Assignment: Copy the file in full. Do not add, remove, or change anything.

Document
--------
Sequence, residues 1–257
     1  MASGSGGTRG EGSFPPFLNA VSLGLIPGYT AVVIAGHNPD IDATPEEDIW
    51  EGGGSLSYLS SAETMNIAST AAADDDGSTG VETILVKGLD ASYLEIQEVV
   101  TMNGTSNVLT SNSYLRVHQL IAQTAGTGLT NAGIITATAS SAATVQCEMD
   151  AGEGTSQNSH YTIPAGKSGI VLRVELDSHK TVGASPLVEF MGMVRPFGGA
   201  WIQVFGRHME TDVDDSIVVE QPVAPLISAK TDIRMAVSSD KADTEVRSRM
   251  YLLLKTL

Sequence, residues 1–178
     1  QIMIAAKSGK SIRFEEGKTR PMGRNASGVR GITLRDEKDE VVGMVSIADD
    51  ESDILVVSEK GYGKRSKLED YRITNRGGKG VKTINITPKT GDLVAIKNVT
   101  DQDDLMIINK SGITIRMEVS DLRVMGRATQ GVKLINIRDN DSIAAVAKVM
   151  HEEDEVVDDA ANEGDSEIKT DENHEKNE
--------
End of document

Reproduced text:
Sequence, residues 1–257
     1  MASGSGGTRG EGSFPPFLNA VSLGLIPGYT AVVIAGHNPD IDATPEEDIW
    51  EGGGSLSYLS SAETMNIAST AAADDDGSTG VETILVKGLD ASYLEIQEVV
   101  TMNGTSNVLT SNSYLRVHQL IAQTAGTGLT NAGIITATAS SAATVQCEMD
   151  AGEGTSQNSH YTIPAGKSGI VLRVELDSHK TVGASPLVEF MGMVRPFGGA
   201  WIQVFGRHME TDVDDSIVVE QPVAPLISAK TDIRMAVSSD KADTEVRSRM
   251  YLLLKTL

Sequence, residues 1–178
     1  QIMIAAKSGK SIRFEEGKTR PMGRNASGVR GITLRDEKDE VVGMVSIADD
    51  ESDILVVSEK GYGKRSKLED YRITNRGGKG VKTINITPKT GDLVAIKNVT
   101  DQDDLMIINK SGITIRMEVS DLRVMGRATQ GVKLINIRDN DSIAAVAKVM
   151  HEEDEVVDDA ANEGDSEIKT DENHEKNE